The item is designed to receive a cover 3, (FIGS. 4 and 8), such as a seat cover. The molded item 2 holds cover 3 by means of a fastening member, which comprises a tape 4 which is firmly attached to molded item 2 and which, on its face turned toward cover 3, has gripping means, in the shape of hooks 5, for example, designed to cooperate with the back side of cover 3 which has, for this purpose, a loose fibrous non-woven patch 6.
By known means, tape 4 is attached to molded item 2, onto the external face of the latter, during the molding operation itself. To this effect, referring to FIG. 3, tape 4 is attached temporarily onto the internal face 7 of molding cavity 8 provided in mold 1. For such fixation, tape 4, on its external face having gripping hooks 5, has two longitudinal marginal areas devoid of hooks 5 and is coated with an adhesive 9 (FIGS. 1-4) protected by film 10 designed to be removed when applying tape 4 onto the inside surface 7 of the mold. As described further in relation to the method of embodiment of FIGS. 5 to 8, tape 4 may be held through magnetic means by magnets embedded into the wall of the mold.
To accommodate tape 4, mold 1 has a cavity 11 (FIGS. 3 and 7) to receive hooks 5 and, possibly, on each side of this cavity, two small lateral cavities (12) to receive the marginal areas of tape 4. These areas, if they are adhesive coated, are cleared by the peeling-off protective film 10. The depth of the cavity or main groove 11 is such that hooks 5 may come and rest against its bottom and that, if side cavities 12 are provided, the face of 13 opposite the one with the gripping hooks 5 are flush with the inside face of mold 1. Cavities or side grooves 12 have a depth roughly equal to the thickness of tape 4. In this way, face 13 of tape 4 opposite the one with the hooks 5 is flush with surface 7. Furthermore, tape 4 is held against mold 1, on the one hand, through the side areas resting in cavities 12 and, on the other hand, if needed, in the center, through hooks 5 resting in the bottom of cavity 11. Thus, during foaming of the molding material, the resulting pressure against tape 4 does not create any deformation of the latter.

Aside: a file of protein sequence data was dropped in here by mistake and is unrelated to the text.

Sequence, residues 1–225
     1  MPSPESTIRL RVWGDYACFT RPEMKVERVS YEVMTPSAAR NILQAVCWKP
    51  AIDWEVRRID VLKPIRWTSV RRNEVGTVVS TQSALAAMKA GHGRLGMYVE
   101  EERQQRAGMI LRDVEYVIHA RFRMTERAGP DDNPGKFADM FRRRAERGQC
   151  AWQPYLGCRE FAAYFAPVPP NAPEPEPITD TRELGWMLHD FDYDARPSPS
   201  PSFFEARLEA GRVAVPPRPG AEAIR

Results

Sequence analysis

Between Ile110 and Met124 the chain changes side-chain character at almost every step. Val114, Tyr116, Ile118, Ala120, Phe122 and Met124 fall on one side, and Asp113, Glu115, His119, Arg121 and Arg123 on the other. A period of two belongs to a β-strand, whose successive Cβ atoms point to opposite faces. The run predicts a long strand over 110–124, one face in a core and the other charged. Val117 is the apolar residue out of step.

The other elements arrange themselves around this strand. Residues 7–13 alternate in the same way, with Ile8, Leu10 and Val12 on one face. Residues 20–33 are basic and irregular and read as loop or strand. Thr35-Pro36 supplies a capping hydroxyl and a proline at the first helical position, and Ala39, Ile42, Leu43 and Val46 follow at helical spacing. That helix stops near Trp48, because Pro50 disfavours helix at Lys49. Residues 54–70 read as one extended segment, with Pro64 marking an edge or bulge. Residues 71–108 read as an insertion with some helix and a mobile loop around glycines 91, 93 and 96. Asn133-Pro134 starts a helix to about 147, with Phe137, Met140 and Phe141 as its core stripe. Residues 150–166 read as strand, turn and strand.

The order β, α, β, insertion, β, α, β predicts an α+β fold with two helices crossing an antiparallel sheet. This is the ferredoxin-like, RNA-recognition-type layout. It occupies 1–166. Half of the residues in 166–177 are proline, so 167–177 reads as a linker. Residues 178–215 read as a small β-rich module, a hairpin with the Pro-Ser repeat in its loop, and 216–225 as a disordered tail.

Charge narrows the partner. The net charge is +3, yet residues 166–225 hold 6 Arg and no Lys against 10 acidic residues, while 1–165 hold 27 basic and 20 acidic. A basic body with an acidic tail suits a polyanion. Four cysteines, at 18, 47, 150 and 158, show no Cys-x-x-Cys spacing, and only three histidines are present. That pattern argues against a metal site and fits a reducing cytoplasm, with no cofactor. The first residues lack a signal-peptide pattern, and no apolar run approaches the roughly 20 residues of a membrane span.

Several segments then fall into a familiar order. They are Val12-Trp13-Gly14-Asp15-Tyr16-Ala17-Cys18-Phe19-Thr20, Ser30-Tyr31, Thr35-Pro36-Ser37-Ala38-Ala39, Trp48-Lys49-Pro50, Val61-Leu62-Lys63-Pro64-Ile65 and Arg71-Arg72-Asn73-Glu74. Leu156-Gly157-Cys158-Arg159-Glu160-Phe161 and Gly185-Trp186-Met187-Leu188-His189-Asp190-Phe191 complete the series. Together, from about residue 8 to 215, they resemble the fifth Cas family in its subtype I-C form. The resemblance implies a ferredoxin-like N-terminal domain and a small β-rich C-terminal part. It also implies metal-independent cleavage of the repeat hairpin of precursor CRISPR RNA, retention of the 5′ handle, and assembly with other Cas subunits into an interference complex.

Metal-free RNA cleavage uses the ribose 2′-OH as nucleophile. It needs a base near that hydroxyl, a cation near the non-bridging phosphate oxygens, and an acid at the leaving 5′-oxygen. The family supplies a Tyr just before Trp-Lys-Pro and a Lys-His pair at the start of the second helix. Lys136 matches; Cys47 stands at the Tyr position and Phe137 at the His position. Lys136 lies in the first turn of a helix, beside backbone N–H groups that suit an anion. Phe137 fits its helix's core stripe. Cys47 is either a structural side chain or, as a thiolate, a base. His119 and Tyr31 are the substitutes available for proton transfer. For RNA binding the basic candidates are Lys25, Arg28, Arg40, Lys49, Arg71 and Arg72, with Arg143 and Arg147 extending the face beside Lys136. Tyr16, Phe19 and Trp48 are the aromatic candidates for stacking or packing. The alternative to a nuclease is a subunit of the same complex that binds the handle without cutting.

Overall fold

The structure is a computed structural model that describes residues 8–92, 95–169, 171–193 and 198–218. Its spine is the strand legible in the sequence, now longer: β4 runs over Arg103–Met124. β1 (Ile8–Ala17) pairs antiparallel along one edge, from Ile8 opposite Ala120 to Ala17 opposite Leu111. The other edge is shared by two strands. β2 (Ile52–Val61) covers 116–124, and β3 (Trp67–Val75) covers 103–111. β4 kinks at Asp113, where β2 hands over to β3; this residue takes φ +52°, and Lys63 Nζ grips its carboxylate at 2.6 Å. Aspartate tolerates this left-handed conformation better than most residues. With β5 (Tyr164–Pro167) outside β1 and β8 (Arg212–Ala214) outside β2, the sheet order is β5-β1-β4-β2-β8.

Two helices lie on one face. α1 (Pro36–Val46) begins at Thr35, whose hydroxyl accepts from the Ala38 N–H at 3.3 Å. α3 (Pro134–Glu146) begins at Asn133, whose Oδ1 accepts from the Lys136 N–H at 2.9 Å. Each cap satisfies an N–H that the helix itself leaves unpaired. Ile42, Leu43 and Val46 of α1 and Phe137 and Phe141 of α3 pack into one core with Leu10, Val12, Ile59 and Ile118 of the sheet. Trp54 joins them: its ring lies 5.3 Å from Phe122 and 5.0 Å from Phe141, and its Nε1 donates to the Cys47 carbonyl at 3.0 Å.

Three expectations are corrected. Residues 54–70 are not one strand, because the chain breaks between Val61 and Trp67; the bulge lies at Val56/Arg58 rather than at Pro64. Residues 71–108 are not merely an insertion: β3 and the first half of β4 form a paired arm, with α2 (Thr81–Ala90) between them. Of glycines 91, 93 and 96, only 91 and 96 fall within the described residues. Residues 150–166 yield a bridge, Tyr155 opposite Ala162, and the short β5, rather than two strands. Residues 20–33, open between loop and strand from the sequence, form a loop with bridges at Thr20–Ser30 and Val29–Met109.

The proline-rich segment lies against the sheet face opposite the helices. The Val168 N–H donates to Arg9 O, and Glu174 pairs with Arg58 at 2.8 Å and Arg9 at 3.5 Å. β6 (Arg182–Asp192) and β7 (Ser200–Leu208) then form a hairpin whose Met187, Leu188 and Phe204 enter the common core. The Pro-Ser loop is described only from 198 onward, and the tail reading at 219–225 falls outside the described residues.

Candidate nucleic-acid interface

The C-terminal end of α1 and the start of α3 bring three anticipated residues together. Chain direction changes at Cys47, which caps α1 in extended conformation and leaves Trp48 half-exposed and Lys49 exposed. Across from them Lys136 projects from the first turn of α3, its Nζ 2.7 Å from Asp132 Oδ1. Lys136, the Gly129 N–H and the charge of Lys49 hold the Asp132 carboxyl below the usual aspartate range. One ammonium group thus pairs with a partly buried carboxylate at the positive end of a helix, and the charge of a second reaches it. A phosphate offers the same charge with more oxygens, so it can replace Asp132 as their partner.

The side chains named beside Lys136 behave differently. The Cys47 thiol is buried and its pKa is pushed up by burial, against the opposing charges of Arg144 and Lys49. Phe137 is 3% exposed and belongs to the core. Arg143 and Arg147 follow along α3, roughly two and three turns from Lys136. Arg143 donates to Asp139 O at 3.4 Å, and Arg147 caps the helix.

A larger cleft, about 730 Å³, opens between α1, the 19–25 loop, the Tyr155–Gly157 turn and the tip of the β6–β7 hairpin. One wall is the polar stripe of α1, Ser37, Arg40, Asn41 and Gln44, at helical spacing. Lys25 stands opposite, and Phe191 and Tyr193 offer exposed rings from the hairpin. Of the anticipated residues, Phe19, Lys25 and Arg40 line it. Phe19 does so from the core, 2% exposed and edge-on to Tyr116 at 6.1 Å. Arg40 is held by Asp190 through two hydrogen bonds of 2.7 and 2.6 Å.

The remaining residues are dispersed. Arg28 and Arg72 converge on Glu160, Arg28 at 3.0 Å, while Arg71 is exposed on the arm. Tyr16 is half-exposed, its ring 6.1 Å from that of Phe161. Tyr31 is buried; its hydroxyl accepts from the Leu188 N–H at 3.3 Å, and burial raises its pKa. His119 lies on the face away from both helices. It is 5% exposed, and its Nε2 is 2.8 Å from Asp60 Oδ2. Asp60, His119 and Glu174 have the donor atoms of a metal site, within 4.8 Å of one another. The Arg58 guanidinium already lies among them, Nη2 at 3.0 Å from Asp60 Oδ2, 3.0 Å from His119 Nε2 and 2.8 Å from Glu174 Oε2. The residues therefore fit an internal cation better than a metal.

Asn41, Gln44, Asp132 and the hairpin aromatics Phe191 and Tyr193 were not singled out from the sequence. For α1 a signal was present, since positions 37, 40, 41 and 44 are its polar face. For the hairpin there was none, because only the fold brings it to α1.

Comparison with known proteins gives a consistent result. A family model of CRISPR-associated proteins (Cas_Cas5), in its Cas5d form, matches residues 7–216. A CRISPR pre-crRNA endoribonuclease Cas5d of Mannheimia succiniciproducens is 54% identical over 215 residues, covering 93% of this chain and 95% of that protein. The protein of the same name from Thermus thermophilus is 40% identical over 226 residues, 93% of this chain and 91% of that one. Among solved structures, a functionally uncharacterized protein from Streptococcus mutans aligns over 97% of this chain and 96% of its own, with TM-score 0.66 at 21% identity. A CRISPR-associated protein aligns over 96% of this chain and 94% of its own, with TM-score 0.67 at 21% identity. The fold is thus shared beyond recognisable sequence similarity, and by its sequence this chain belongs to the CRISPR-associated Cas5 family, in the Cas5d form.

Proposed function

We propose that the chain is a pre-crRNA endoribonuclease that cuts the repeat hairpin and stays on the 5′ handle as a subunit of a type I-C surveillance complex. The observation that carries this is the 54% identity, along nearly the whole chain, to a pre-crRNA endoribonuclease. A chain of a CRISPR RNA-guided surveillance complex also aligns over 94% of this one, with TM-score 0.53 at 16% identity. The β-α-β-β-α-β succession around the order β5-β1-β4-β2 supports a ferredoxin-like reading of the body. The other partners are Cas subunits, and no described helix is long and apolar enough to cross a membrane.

Since the face 13 of tape 4 turned toward the inside of the mold is level with it, this base protrudes, on finished item 2, as seen in FIGS. 4 and 8.
To insure perfect bonding of tape 4 with the molding material, anchoring elements 14 may be provided which protrude from face 13 toward the inside of mold 1 approximately at a right angle. Each anchoring element comprises a stem or foot 15 with a free end away from face 13 with a flared head 16. Head 16 may have any appropriate shape.
As a variation, anchoring elements 14 could be replaced with any appropriate structure, for example, a jersey, screen or same helping to anchor the molding material.
In order to prevent, during the molding operation, the molding material, when it is still in the liquid stage, from penetrating between the hooks 5 and becoming attached there, thus reducing the gripping power of hooks 5, a thin protective film 17 is provided (FIGS. 1 to 3 and 5 t 8) which covers the hooks 5 and which extends between the marginal areas of the tape 4 on its whole length.
Film 17 may be attached to face 13, on the marginal longitudinal areas, by any appropriate means, by adhesive coating for example, or by welding, more particularly by ultrasonic welding with crushing of the hooks 5 in the glueing areas. This latter technique should preferably be used since it permits the crushing of one or two rows of hooks 5 during the welding operation for attaching the film 17 to the tape 4. For glueing the tape 4 to the mold, because of the stiffness and the narrowness of the base, it is possible to omit the adhesive on the small sides. For wide tapes for example, it could be considered to level the tape 4 by removing a few rows of hooks 5 and attaching the edge of film 17 as on the long sides.